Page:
Friday morning, the Clinton campaign lamely tweeted that "Our first task has to be to make sure that the economic uncertainty created by these events does not hurt working families."
Well, if Mrs. Clinton is going to make sure "working families" aren't hurt, she will have to publicly and prominently reverse the position taken by her former boss, President Barack Obama, who infamously warned in April that Britain would have to go to the "back of the queue" in trade negotiations if Leave supporters won the day. On Friday, White House spokesman Eric Schultz told reporters that "the President stands by what he said" in April.
One point ignored in connection with Obama's warning is the fact, according to U.S. government statistics, that no other country's companies have invested more in the U.S. than those from the UK (original source here). Someone genuinely interested in "not hurt(ing) working families" would put the country with the most direct investment in the U.S. at the front of the line.
Getting back to the AP's Lerer, she should know better, and probably does, than to apparently believe, based on clearly agenda-driven BBC and other reporting, that there are 635,000 Leave supporters — half of the official 1.27 million-vote margin — who now want to take their vote back.
Oddly enough (no, not really), Lerer presented the matter as if voters are getting cold feet about becoming independent from the EU. But if anything, the concern, to the extent that it exists, is that Prime Minister David Cameron actually carried through with his promise to resign in the result's aftermath.
The video below, carried at GQ.com, is apparently being seen in the U.S. press as an example of British regret over their Leave vote. But note that in the video excerpt, the gentlemen interviewed, apparently only known as "Adam," did not say that he would have voted differently:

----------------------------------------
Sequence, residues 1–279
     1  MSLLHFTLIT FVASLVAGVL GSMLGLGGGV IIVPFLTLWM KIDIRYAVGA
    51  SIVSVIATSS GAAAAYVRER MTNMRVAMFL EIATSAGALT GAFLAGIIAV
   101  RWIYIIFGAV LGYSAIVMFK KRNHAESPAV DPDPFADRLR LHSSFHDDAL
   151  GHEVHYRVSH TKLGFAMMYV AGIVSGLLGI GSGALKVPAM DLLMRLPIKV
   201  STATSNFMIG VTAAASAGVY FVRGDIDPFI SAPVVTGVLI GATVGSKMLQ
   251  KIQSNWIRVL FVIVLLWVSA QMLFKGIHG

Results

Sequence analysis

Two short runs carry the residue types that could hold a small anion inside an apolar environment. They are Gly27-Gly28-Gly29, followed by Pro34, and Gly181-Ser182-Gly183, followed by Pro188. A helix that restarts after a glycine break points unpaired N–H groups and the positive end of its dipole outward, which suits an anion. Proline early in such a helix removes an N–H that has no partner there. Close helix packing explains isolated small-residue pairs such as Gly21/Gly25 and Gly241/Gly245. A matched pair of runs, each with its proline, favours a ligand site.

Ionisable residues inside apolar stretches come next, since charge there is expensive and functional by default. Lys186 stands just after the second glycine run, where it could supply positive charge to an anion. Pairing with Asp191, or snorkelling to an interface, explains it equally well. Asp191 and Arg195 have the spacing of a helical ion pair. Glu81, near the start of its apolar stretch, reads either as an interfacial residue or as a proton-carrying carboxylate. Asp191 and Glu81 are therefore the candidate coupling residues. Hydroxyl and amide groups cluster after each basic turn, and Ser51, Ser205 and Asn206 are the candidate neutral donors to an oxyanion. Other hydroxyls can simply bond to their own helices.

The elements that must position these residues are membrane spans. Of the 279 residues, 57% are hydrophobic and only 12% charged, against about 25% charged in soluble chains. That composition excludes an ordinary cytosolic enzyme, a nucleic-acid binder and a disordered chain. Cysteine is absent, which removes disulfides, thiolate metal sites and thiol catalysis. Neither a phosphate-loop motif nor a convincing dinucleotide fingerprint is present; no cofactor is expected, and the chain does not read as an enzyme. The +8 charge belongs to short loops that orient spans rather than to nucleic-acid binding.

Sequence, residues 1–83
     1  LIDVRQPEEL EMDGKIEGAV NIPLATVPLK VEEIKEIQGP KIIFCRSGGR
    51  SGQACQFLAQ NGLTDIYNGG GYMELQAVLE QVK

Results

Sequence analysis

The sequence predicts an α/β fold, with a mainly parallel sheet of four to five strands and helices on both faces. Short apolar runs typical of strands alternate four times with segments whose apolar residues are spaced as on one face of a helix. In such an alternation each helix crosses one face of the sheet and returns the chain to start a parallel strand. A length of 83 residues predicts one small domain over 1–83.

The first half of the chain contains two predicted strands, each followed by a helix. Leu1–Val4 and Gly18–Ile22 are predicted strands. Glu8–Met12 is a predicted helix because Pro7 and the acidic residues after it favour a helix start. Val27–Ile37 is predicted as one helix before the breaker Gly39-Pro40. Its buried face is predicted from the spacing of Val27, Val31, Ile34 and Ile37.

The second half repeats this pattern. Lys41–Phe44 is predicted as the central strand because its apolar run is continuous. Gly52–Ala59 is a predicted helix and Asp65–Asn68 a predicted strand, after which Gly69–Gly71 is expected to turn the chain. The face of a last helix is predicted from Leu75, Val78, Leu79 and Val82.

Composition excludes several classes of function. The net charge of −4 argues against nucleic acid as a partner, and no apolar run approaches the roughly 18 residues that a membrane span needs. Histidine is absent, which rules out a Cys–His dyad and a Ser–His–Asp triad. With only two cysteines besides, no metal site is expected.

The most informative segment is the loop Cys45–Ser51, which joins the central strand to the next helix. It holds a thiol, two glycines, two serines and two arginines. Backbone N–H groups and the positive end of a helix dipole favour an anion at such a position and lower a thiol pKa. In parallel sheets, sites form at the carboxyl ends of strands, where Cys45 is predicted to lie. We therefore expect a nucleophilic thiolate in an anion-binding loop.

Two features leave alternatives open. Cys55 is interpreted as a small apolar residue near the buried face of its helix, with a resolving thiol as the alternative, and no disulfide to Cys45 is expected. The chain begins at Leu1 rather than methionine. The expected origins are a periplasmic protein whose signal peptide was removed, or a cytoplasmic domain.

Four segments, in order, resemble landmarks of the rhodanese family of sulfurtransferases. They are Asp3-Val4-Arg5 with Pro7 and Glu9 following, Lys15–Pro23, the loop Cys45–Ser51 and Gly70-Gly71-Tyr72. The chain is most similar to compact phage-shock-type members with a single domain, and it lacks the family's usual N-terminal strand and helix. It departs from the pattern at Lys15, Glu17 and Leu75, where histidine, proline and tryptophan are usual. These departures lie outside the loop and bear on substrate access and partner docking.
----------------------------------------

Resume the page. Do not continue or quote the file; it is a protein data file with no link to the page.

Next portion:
"ADAM": I'm a bit shocked.
INTERVIEWER: What about?
"ADAM": I'm shocked about both, I'm shocked that we actually have voted to leave. I didn't think that was going to happen. My vote, I didn't think was going to matter too much, because I thought that we're just going to remain. And, um, the David Cameron resignation, uh, has blown me away to be honest. I think it's been, the period of uncertainty that we're going to have for the next couple of months, I think that's just been magnified now. Um, so yeah, quite worried.
One outlet carrying the BBC video, Metro.co.uk, has labeled this video "Man surprised to find out his vote matters." Also note that the video's URL nominates the man as "wins-moron-of-the-year-award." Charming.
What "Adam" is saying is, "Well, I believed your pre-election polling, and I thought that my vote, consistent with my beliefs, would be a protest vote." He did not say he would have voted otherwise.
Well, the polling was clearly wrong and arguably biased. Seven polls cited in a Saturday post at American Thinker predicted an average 3-point victory margin for Remain. Leave won by 3.8 points.
One quite plausible way of interpreting this is to say that flawed pre-election polling freed up Leave supporters, clearly the majority in the UK, to vote their beliefs. So if the establishment press really wants to go there with their fever-swamp "Brexit regrets" stories, they need to look in the mirror, because it's their own polls' fault that Leave won. Too bad, so sad, folks.
If "Adam" is the best "great anecdotal story" Lisa Lerer at the Associated Press and the rest of the establishment press have, they are engaging in serious self-delusion.
Cross-posted at BizzyBlog.com.